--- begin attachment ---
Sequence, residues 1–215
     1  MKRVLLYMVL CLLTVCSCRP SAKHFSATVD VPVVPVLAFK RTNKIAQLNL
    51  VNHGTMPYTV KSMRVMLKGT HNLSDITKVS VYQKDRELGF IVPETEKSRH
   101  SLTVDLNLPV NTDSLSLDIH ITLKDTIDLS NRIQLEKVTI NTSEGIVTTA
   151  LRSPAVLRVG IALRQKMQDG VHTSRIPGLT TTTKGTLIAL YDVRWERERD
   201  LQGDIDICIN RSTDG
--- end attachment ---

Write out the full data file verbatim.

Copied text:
Sequence, residues 1–215
     1  MKRVLLYMVL CLLTVCSCRP SAKHFSATVD VPVVPVLAFK RTNKIAQLNL
    51  VNHGTMPYTV KSMRVMLKGT HNLSDITKVS VYQKDRELGF IVPETEKSRH
   101  SLTVDLNLPV NTDSLSLDIH ITLKDTIDLS NRIQLEKVTI NTSEGIVTTA
   151  LRSPAVLRVG IALRQKMQDG VHTSRIPGLT TTTKGTLIAL YDVRWERERD
   201  LQGDIDICIN RSTDG